GRANT ALTER ANY SCHEMA TO db_All_CreateTable_AlterSchema
GRANT CREATE TABLE TO db_All_CreateTable_AlterSchema

/* CREATE A NEW ROLE - Any schema alter and create function permissions */
-- Database specific
CREATE ROLE db_All_CreateFunction_AlterSchema
GRANT ALTER ANY SCHEMA TO db_All_CreateFunction_AlterSchema
GRANT CREATE FUNCTION TO db_All_CreateFunction_AlterSchema

/* CREATE A NEW ROLE - Any schema alter and create aggregate permissions */
-- Database specific
CREATE ROLE db_All_CreateAggregate_AlterSchema
GRANT ALTER ANY SCHEMA TO db_All_CreateAggregate_AlterSchema
GRANT CREATE AGGREGATE TO db_All_CreateAggregate_AlterSchema

/* CREATE A NEW ROLE - Any schema alter and create view permissions */
-- Database specific
CREATE ROLE db_All_CreateView_AlterSchema
GRANT ALTER ANY SCHEMA TO db_All_CreateView_AlterSchema
GRANT CREATE VIEW TO db_All_CreateView_AlterSchema

/* CREATE A NEW ROLE - Any schema alter and create schema permissions */
-- Database specific
CREATE ROLE db_All_CreateSchema_AlterSchema
GRANT ALTER ANY SCHEMA TO db_All_CreateSchema_AlterSchema
GRANT CREATE SCHEMA TO db_All_CreateSchema_AlterSchema

I also wanted to share a db_DDLAdmin_Restriction role you may want to consider to consider creating otherwise with explicit DENY to restrict what db_ddladmin give access to so you could at least create this on the DBs where you grant them this role and set the explicit DENY for the actual object types, etc. you don't want them to have access to.

For example, if you know they will definitely be creating stored procedures and functions, you can exclude DENY CREATE FUNCTION, DENY CREATE PROCEDURE, DENY ALTER ANY SCHEMA.

---Create ddladmin restriction custom DB role
DENY ALTER ANY ASSEMBLY                    TO db_DDLAdmin_Restriction
DENY ALTER ANY ASYMMETRIC KEY              TO db_DDLAdmin_Restriction
DENY ALTER ANY CERTIFICATE                 TO db_DDLAdmin_Restriction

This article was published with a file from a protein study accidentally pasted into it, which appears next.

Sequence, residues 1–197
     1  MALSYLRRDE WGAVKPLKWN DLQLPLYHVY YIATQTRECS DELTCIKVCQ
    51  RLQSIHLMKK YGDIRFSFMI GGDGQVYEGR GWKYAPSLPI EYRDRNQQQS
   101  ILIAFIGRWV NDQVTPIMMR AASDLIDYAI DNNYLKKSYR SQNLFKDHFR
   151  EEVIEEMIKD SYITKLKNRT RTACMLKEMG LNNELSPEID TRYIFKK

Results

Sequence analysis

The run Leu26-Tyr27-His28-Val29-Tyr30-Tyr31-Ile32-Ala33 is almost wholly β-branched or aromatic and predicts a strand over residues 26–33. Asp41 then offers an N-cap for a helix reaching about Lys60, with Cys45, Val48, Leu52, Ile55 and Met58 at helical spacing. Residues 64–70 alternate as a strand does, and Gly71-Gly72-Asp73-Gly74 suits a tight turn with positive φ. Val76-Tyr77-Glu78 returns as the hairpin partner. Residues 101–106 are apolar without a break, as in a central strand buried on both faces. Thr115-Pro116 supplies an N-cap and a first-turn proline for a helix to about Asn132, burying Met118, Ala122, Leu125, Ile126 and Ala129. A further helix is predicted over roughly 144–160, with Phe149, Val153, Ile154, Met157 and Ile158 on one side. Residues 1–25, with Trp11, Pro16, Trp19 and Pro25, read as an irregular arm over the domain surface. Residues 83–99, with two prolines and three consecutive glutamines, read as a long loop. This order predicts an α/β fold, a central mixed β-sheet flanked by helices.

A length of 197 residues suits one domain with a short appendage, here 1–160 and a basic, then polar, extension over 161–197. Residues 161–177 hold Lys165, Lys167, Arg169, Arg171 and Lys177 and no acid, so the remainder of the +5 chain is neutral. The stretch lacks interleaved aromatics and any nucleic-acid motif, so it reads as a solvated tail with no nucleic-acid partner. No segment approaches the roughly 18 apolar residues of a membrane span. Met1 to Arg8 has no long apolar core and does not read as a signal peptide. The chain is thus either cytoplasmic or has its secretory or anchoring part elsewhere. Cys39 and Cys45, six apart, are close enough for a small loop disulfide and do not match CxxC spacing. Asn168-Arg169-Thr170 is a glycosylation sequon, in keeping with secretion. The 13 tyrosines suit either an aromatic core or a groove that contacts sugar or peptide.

DENY ALTER ANY CONTRACT                    TO db_DDLAdmin_Restriction
DENY ALTER ANY DATABASE DDL TRIGGER        TO db_DDLAdmin_Restriction
DENY ALTER ANY DATABASE EVENT NOTIFICATION TO db_DDLAdmin_Restriction
DENY ALTER ANY DATASPACE                   TO db_DDLAdmin_Restriction
DENY ALTER ANY FULLTEXT CATALOG            TO db_DDLAdmin_Restriction
DENY ALTER ANY MESSAGE TYPE                TO db_DDLAdmin_Restriction
DENY ALTER ANY REMOTE SERVICE BINDING      TO db_DDLAdmin_Restriction
DENY ALTER ANY ROUTE                       TO db_DDLAdmin_Restriction
DENY ALTER ANY SCHEMA                      TO db_DDLAdmin_Restriction
DENY ALTER ANY SERVICE                     TO db_DDLAdmin_Restriction
DENY ALTER ANY SYMMETRIC KEY               TO db_DDLAdmin_Restriction
DENY CHECKPOINT                            TO db_DDLAdmin_Restriction
DENY CREATE AGGREGATE                      TO db_DDLAdmin_Restriction
DENY CREATE DEFAULT                        TO db_DDLAdmin_Restriction
DENY CREATE FUNCTION                       TO db_DDLAdmin_Restriction
DENY CREATE PROCEDURE                      TO db_DDLAdmin_Restriction
DENY CREATE QUEUE                          TO db_DDLAdmin_Restriction
DENY CREATE RULE                           TO db_DDLAdmin_Restriction
DENY CREATE SYNONYM                        TO db_DDLAdmin_Restriction
DENY CREATE TABLE                          TO db_DDLAdmin_Restriction
DENY CREATE TYPE                           TO db_DDLAdmin_Restriction
DENY CREATE VIEW                           TO db_DDLAdmin_Restriction
DENY CREATE XML SCHEMA COLLECTION          TO db_DDLAdmin_Restriction
DENY REFERENCES                            TO db_DDLAdmin_Restriction